Also known as German measles or 3-day measles, rubella is a mild exanthematous viral infection that affects children primarily. Young adults also can be infected by this virus; therefore, the most important problem associated with rubella is its occurrence during pregnancy. Except for rubella infecting pregnant women, there are practically no complications worth discussing. Prior to the knowledge that rubella could cause congenital anomalies if acquired during pregnancy, the only real importance of the infection was that it needed to be differentiated from more important, and potentially more serious, exanthems such as rubeola and scarlet fever. German investigators in the early 19th century succeeded in making this differential diagnosis; this fact probably accounts for its popular appellation, “German measles.”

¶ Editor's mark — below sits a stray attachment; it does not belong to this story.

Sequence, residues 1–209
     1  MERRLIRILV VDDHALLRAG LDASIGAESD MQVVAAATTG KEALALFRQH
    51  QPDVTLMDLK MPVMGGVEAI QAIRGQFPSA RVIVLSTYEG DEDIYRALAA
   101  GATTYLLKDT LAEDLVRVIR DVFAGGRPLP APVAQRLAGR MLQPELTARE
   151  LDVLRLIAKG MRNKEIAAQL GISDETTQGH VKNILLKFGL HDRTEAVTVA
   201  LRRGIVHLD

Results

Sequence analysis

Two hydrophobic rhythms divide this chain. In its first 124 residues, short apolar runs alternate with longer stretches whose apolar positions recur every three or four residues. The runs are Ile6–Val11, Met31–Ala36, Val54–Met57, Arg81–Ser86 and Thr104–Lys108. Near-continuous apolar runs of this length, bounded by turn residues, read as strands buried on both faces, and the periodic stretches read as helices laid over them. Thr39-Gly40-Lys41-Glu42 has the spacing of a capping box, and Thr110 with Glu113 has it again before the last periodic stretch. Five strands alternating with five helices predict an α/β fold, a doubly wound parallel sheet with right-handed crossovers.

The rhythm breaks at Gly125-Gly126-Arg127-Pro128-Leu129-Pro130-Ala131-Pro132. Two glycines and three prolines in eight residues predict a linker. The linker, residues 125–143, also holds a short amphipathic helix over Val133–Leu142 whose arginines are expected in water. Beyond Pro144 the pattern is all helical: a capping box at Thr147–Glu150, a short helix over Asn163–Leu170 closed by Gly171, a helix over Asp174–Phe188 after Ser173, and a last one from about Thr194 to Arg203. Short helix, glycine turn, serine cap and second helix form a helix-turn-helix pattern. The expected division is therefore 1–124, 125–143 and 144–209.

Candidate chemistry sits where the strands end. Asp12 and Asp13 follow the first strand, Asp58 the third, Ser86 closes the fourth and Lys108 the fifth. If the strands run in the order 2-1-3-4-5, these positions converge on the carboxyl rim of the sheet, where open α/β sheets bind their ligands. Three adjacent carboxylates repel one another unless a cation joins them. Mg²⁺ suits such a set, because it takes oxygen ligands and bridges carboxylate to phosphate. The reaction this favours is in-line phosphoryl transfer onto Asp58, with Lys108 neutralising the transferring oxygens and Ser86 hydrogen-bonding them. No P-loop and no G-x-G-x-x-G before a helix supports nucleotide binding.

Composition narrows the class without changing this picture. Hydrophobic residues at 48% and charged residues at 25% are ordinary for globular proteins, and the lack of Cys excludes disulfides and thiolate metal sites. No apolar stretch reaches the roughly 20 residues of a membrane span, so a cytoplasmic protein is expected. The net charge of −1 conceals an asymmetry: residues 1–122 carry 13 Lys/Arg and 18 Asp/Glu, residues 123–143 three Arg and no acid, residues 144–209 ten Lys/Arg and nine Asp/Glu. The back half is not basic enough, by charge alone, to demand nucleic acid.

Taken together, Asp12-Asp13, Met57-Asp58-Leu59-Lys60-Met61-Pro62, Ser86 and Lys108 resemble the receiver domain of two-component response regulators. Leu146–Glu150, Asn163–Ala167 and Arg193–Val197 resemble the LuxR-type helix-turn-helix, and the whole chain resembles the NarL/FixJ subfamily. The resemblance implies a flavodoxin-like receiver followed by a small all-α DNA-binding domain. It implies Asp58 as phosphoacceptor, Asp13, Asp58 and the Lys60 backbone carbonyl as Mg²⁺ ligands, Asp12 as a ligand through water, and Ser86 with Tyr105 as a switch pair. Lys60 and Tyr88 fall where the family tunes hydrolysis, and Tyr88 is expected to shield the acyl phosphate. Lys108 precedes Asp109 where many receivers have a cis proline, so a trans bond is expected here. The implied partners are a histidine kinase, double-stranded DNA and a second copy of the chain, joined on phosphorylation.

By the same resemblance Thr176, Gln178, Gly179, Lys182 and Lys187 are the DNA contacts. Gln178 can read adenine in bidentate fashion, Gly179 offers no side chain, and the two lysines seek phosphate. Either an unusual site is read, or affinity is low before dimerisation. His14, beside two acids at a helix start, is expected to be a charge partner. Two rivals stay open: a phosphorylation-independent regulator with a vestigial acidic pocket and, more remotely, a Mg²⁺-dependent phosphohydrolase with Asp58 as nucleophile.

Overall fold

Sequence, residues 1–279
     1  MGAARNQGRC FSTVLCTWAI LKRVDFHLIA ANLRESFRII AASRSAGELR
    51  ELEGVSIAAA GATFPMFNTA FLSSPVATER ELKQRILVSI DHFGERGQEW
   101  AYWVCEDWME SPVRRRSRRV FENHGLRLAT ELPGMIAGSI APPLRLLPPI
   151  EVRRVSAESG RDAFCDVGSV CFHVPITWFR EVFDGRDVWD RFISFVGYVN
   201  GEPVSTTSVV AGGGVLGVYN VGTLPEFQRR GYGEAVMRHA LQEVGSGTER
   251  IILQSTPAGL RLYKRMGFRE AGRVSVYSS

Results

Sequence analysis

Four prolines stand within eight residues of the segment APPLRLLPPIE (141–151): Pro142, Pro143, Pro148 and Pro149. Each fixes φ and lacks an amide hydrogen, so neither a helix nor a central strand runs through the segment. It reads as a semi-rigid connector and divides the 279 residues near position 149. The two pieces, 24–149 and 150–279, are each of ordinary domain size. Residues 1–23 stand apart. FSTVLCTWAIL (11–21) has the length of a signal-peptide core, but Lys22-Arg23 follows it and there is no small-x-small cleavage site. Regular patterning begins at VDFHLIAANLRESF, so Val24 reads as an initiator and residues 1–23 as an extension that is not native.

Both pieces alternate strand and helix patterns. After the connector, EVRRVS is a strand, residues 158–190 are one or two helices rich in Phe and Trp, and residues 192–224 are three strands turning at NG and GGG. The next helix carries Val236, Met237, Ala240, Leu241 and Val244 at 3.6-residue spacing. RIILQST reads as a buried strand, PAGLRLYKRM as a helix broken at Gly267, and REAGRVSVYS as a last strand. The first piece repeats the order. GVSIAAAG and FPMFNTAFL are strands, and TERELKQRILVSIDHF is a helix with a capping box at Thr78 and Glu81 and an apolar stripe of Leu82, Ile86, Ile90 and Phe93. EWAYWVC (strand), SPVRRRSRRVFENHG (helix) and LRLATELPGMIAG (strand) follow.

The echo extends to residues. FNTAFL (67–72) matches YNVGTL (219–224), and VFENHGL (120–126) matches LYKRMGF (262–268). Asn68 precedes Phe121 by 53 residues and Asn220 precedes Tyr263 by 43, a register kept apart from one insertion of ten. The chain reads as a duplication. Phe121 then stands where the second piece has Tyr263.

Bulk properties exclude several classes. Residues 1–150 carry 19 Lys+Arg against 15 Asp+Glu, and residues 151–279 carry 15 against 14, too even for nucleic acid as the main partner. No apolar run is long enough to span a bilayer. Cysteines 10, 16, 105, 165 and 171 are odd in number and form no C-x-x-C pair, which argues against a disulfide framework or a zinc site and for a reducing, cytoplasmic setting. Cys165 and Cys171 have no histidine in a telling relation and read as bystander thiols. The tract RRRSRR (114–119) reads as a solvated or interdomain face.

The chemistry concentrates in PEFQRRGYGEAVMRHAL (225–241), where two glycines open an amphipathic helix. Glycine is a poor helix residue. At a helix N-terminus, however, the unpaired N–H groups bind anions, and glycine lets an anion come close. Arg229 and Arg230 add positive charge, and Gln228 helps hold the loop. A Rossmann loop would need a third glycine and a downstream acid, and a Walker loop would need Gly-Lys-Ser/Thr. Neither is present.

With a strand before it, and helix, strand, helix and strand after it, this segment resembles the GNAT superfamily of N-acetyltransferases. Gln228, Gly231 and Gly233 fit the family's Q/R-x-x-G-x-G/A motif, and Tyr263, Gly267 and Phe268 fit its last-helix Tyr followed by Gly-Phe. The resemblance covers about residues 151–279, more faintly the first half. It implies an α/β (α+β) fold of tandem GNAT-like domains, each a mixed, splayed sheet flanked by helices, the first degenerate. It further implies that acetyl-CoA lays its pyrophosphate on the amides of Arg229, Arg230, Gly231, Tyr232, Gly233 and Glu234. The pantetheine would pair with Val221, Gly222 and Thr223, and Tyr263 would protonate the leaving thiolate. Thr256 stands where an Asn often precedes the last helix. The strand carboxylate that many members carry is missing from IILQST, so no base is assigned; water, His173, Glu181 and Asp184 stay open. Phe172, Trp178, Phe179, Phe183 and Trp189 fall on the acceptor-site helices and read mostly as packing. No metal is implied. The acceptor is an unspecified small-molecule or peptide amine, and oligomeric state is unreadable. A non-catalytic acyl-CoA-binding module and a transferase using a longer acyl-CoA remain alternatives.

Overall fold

Vaccine Virus Rubella Virus Measle Vaccine Maternal Infection Scarlet Fever 
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© Plenum Publishing Corporation 1985

Authors and Affiliations

  • Marvin S. Amstey

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